Amongst all of the other things making hiring great candidates difficult just now, one that comes up time and again, is candidate ghosting.
Whether you’re hiring yourself, or using an outside recruiter, there are a few things that should go into a process to stop candidates from dropping out of the process and leaving you empty handed.
1. Find out what a candidate’s motivations for talking to you are.
There will be reasons they’ve applied for the job, answered your messages, or been open to talking to a recruiter. Find out what they are so you’re fore-armed if those motivations begin to wane.
2. Discover the main “deal breakers” for a candidate about a company’s culture.
Does the business offer these things? Do they plan to if not? If diverse culture and flexible working hours are important to the candidate and the company doesn’t or isn’t planning to offer them, you might as well move on.
There’s no point getting into a process and wasting your time, your recruiters’ time, or the candidate’s.
3. Be upfront about salary.
Few candidates are going to be willing to take a significant drop in salary. Yes, culture and benefits have an impact on decisions, but most people will be looking to at least stay the same.
Discuss salary early on so you don’t waste your and the candidate’s time.
4. Prepare to sell your company.
Yes, technically you are the one doing the interviewing and screening, but candidates are also screening and interviewing you. You need to be prepared to succinctly talk about your company, its culture, and why the candidate should work for you.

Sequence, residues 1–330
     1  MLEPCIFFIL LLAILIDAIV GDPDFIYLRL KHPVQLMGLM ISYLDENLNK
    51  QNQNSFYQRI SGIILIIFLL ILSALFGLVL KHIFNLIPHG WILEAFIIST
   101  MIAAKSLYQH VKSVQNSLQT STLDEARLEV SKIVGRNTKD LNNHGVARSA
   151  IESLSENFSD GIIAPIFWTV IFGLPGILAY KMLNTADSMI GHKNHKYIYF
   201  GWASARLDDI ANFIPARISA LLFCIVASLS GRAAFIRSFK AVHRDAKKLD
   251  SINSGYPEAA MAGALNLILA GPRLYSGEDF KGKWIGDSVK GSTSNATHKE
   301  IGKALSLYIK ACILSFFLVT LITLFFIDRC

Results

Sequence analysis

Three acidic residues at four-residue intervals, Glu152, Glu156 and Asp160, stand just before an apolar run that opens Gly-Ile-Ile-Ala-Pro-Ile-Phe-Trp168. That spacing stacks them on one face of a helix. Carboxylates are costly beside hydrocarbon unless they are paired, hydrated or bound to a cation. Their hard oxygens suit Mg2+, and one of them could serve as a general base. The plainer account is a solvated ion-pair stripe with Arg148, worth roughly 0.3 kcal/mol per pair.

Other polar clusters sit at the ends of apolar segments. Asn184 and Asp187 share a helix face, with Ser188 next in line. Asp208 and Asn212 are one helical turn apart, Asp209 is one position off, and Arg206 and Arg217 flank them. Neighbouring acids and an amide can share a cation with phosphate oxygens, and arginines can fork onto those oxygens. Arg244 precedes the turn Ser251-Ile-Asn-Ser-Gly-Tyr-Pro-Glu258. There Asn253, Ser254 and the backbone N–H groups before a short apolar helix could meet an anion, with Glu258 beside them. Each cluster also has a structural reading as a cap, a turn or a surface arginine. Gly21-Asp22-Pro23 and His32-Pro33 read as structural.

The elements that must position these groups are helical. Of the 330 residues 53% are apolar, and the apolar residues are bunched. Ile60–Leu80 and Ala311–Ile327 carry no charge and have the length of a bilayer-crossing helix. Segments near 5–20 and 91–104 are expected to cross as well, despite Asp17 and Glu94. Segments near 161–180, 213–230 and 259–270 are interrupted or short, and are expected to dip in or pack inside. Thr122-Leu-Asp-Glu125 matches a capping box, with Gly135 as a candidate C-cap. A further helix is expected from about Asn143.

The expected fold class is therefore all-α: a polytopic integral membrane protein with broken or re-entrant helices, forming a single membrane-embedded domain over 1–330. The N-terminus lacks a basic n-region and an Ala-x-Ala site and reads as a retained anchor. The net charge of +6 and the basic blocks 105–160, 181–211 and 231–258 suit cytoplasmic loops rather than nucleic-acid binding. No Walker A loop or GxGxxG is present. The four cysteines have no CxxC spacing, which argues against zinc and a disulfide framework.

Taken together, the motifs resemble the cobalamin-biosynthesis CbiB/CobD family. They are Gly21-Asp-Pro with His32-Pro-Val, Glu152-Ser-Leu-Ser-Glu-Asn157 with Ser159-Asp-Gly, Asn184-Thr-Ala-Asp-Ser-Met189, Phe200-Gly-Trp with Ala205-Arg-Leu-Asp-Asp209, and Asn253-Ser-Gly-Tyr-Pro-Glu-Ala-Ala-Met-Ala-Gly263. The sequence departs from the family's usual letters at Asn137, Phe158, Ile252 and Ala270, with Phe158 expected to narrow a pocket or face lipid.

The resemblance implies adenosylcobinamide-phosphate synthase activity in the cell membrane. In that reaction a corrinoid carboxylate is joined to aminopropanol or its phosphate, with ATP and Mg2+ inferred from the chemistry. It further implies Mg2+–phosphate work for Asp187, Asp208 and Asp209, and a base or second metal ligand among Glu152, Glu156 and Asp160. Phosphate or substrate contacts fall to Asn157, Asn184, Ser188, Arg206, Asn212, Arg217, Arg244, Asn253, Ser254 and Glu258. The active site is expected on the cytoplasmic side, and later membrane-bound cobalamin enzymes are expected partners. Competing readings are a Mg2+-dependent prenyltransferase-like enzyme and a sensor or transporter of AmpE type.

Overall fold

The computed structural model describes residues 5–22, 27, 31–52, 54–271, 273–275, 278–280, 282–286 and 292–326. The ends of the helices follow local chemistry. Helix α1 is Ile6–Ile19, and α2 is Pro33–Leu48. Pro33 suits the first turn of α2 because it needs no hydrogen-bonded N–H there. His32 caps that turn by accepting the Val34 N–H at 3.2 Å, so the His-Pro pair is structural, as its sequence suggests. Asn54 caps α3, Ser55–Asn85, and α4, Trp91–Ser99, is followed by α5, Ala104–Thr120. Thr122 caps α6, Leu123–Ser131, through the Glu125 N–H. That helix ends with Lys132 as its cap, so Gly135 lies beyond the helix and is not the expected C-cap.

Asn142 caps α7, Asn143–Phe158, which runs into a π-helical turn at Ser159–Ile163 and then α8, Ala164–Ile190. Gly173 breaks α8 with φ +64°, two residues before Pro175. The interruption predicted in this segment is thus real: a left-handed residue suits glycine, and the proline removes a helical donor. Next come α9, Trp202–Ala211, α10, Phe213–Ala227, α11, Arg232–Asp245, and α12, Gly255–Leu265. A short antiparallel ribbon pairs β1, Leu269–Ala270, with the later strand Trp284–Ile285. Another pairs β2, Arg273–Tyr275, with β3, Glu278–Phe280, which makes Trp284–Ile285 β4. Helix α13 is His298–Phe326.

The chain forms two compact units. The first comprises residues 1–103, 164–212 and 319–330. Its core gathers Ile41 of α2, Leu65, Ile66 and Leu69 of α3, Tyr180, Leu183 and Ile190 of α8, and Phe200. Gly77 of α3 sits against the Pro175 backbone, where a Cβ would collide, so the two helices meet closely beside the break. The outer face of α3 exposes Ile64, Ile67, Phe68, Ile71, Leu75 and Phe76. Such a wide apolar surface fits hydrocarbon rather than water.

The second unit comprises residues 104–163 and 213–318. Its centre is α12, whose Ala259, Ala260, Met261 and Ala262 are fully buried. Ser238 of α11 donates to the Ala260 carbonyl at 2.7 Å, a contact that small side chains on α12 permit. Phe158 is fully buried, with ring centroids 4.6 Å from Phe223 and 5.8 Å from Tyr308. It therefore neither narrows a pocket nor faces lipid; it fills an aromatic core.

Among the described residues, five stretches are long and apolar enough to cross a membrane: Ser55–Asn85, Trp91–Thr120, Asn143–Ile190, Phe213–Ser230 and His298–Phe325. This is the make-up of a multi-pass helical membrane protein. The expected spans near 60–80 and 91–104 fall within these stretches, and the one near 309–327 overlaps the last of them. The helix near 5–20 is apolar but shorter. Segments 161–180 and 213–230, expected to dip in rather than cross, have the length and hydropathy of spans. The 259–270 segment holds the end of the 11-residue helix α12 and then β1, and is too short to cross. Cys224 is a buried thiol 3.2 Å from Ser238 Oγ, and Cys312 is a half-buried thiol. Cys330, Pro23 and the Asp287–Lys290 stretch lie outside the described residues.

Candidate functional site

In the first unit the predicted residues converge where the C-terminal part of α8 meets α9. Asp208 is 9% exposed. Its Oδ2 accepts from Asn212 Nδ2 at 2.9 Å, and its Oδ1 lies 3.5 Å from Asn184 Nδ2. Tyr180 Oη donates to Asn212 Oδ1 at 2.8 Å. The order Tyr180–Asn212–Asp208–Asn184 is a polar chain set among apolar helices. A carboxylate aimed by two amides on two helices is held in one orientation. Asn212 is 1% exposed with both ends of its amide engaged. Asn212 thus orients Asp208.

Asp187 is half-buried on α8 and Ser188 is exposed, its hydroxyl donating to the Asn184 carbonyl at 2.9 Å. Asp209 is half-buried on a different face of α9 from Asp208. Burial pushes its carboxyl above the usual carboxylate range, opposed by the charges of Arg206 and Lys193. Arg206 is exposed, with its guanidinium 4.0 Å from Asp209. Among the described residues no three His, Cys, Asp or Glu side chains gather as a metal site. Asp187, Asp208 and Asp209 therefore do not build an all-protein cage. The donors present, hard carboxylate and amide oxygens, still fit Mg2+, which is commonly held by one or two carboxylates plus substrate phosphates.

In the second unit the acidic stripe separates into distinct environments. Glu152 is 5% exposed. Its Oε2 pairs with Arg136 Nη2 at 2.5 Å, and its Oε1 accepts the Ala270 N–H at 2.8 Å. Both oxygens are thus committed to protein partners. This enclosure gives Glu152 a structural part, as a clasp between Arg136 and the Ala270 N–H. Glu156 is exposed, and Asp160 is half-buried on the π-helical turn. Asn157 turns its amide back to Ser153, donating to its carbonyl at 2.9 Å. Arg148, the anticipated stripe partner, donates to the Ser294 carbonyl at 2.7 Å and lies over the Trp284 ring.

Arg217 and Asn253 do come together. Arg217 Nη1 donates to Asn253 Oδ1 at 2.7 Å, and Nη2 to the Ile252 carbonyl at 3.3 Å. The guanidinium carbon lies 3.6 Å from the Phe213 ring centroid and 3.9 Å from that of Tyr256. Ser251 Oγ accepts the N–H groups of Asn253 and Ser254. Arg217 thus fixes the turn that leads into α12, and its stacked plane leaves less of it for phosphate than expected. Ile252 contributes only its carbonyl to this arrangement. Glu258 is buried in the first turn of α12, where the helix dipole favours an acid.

Ask these five questions to prevent candidate ghosting…
5. At the start of the process ask: “What are the top three things that would make a new role the right one for you?”
Ask candidates what’s important to them. This will help solidify why they’re open to a new opportunity from the beginning of the process. You’ll also use this to refer back to later to help candidate ghosting at the end of the process.
6. What would make you stay at your current role? What would you do if these areas changed?
This is a really important question. It allows you to gauge how dissatisfied they are in their role and how likely it is they’ll stay. Some people don’t want the hassle of moving and would allow themselves to be swayed by minimal changes.
7. What will happen if your current company tries to persuade you to stay?
The answer to this question will help you decide how bought into your process the candidate is. If they seem unsure about what they’d do, or try to avoid the question, you might need to dig deeper to see how committed they are.
8. Just prior to making an offer, ask the candidate this: “At the beginning of the process, you said A, B, & C were your main motivations. The company have met those motivations. So if we make you an offer, will you accept? Is there anything else you need to know to be 100% sure about this position?
This is when you refer back to what the top three things that would make a role right for them are. You need to make sure the company have met their motivations though.
At this point, you’re drawing them into a verbal contract and cementing the decision in their mind.